I'm Albertan, and regionalism tends to be a bit of a sore spot, for me - especially since it's conservative politicians (provincial and federal) who stoke those fires the most, out here, and seem to make the most hay from it.  

          Thankfully, though, as Alberta's demographic has changed significantly over this past decade, this shtick is losing its effectiveness.  All the same, it's good to see a federal politician speak frankly about those "old" politics - and identify the regionalism trap as a problem, too.

          ... Where is Baldwin?
          ... Où est Lafontaine?

          by Wisewood on Wed Apr 01, 2009 at 06:13:27 PM PDT

          [ Parent ]

      •  Beat me to the draw. n/t (1+ / 0-)
        Recommended by:


        by MrvnMouse on Wed Apr 01, 2009 at 11:42:48 AM PDT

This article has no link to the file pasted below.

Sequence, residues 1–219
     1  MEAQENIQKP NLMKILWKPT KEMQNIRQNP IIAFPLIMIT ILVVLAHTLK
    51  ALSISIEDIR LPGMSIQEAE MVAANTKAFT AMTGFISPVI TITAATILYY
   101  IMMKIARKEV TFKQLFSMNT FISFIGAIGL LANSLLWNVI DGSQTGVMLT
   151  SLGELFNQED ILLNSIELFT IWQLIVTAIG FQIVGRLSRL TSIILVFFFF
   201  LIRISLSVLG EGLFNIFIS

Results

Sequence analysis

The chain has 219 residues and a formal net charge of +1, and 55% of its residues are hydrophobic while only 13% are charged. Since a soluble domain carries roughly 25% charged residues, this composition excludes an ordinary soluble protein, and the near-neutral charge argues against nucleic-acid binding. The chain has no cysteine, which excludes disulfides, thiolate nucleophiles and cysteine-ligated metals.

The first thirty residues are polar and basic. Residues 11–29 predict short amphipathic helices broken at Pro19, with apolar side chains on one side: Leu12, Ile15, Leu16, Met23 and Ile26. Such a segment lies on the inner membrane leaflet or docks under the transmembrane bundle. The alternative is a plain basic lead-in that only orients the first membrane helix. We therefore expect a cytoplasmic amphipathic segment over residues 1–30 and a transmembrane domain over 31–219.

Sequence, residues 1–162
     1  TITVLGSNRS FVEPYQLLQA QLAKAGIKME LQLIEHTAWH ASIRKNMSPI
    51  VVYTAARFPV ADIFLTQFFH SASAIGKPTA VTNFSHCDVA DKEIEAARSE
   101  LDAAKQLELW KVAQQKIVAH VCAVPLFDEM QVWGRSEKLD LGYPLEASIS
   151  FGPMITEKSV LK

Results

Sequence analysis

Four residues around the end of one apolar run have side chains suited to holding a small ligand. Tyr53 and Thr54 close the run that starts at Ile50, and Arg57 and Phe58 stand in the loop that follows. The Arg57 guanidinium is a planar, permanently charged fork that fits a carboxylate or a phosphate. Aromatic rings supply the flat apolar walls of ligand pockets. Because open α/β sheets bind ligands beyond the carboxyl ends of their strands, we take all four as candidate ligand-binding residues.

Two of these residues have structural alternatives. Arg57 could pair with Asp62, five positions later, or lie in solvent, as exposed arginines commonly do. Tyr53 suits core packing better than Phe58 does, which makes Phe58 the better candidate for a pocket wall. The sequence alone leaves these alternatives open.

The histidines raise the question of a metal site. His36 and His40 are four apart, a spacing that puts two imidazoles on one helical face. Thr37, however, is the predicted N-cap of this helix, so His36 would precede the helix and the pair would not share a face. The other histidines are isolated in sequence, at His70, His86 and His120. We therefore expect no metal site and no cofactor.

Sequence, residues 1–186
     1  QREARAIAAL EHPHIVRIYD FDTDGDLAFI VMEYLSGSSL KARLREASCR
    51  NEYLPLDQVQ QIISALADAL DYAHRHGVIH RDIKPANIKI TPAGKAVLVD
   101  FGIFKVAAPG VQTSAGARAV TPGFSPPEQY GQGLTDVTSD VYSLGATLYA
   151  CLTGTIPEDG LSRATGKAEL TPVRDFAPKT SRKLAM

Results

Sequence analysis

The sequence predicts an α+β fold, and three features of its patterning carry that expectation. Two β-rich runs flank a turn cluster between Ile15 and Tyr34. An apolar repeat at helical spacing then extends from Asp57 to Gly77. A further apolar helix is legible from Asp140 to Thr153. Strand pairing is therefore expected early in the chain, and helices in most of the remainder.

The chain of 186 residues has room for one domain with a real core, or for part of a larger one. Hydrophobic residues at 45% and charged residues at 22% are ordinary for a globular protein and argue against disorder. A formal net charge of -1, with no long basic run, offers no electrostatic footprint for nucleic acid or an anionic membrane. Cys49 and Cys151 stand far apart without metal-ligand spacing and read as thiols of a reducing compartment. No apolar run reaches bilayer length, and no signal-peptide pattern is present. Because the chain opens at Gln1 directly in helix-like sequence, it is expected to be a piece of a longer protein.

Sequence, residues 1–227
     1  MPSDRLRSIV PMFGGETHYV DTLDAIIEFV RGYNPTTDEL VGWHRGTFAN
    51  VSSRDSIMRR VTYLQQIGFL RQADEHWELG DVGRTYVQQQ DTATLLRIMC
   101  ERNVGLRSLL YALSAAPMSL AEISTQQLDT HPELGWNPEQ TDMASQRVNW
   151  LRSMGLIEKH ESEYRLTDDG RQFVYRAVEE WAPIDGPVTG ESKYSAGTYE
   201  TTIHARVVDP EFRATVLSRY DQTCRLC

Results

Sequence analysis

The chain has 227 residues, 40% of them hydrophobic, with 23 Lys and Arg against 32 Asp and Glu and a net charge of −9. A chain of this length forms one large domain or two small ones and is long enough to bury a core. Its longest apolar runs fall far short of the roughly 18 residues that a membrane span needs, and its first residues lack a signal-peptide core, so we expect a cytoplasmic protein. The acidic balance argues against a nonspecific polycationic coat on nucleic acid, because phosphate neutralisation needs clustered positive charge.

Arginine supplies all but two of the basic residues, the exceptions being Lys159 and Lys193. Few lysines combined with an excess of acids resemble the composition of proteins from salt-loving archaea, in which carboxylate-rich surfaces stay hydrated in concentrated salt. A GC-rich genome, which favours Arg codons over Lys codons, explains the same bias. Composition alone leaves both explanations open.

[ Parent ]

  •  Stephen Iggy (1+ / 0-)
    Recommended by:
    and Michael Harper.  Tweedledee and tweedledum.
  •  Health care in Alberta.... (0+ / 0-)

    Mr. Clancy is probably going to be waiting a while for meaningful change from the new Alberta health care "superboard."  The Alberta PC Party hacks appointed to said board are seemingly more interested in squeezing more money out of the public purse for themselves, than actual change that will deliver on-time, quality health care to Albertans.

    I sympathize with Mr. Clancy's story about waiting in a Calgary hospital for a bed;  I've heard other people tell similar stories.  You know, though, that the quality of care in Calgary would probably be markedly better if there was another large hospital facility in the city, preferably near downtown -- say, in the Bridgeland area.  

    Oh, wait....

    ... Where is Baldwin?
    ... Où est Lafontaine?

    by Wisewood on Wed Apr 01, 2009 at 10:56:48 AM PDT